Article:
The Lost Films of Kathleen Collins
Milestone Film Series
Thursday, March 21, 2013
At the time of her death in 1988, Kathleen Collins was just 46 years old, but already an internationally renowned playwright, a beloved professor and a successful independent filmmaker. After nearly 30 years of being out of circulation, Milestone Films has digitally restored her two films from original camera negatives to look and sound as fresh, bracing and complex as they did when they were made.
The Cruz Brothers and Miss Malloy (1980) is a short story of three Puerto Rican brothers scraping by while contending with the ghost of their dead father.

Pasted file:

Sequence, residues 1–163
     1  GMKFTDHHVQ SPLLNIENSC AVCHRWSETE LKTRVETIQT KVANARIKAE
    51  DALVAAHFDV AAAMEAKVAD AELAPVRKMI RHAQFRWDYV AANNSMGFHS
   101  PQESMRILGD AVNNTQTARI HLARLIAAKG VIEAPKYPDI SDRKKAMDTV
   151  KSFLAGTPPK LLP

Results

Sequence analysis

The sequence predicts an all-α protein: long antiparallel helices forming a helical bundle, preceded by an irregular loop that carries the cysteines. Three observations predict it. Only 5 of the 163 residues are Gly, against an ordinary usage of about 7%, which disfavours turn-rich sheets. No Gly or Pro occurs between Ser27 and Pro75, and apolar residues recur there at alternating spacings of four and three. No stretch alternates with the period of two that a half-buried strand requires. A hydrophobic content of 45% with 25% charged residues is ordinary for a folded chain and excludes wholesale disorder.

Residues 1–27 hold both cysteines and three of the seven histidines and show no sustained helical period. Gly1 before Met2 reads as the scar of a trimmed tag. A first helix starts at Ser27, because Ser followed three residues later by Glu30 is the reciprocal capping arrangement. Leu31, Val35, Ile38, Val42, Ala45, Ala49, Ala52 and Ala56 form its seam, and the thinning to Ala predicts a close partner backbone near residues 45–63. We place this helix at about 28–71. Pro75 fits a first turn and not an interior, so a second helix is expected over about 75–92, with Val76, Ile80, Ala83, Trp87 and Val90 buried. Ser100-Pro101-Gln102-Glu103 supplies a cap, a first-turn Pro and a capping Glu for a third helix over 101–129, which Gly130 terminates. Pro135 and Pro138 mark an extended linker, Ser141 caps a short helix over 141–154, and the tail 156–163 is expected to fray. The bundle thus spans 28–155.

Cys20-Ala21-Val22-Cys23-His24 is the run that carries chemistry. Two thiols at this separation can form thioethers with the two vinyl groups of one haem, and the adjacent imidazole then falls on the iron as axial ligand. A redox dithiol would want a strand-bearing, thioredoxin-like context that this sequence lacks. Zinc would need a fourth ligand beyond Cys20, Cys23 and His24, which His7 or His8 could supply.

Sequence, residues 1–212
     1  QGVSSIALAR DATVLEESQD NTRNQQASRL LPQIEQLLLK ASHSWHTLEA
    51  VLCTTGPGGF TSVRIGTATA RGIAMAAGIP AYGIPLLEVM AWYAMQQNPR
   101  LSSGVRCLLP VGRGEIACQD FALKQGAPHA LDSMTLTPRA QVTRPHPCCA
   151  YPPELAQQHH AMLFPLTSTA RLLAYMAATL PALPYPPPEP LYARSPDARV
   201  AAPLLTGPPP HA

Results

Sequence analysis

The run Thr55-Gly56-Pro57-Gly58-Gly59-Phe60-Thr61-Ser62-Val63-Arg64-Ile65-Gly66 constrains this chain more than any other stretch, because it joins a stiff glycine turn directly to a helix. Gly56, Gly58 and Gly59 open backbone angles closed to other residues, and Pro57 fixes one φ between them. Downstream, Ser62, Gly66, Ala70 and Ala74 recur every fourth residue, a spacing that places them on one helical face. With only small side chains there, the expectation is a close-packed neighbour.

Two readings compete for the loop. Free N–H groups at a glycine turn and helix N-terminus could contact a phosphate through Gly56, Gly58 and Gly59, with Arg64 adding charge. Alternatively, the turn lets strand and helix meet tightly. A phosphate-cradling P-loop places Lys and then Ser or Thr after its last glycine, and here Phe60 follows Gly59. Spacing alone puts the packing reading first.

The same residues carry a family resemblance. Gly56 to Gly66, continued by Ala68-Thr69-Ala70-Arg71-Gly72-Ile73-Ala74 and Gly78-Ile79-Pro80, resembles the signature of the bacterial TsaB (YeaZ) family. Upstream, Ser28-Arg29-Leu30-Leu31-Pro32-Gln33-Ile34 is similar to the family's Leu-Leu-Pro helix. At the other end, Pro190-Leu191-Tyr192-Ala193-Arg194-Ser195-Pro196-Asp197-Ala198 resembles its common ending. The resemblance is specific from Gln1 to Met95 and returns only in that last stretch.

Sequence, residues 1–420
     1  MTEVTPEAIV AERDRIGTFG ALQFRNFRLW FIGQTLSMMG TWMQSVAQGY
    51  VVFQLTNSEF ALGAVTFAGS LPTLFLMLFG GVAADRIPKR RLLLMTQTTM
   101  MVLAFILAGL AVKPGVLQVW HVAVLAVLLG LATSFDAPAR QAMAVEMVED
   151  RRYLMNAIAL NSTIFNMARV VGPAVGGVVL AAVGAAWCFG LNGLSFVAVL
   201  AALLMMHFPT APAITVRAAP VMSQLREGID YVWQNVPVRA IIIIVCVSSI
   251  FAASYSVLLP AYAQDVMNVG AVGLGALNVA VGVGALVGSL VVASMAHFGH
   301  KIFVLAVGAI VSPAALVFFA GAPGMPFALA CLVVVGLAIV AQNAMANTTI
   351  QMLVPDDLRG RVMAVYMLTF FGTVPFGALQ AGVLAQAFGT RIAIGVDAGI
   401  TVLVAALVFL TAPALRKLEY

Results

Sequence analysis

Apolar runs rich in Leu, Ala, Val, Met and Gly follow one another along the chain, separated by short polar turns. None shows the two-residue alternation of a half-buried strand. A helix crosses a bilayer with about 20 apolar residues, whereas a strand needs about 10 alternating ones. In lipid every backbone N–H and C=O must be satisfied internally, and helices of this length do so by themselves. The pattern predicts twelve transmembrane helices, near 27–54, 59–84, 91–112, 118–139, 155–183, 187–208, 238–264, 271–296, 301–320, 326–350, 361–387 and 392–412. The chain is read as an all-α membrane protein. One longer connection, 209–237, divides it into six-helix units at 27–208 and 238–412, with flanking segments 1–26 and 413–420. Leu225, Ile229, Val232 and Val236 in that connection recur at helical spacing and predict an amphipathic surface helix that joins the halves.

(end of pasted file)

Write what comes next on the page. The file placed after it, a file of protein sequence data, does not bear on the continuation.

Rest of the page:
Losing Ground (1982), one of the very first fictional features by an African-American woman filmmaker, is the story of a black philosophy professor whose artist husband rents a summer country house to celebrate a museum sale. Their idyll summer challenges their relationship as they struggle to find ecstatic experience, both intellectually and emotionally. Dennis Doros is scheduled to be present. (HD Cam presentation, 140 Minutes total, Not Rated)
This screening is part of the Milestone Film Series. Since 1990, Milestone Films has been involved in the restoration and distribution of groundbreaking, artistically and culturally significant films. Over the course of two days, Milestone Films founder Dennis Doros will present three films: Shirley Clarke’s Portrait of Jason and two films by Kathleen Collins, as well as give a lecture. The lecture and all screenings take place at IU Cinema. The lecture and screenings are free, but ticketed.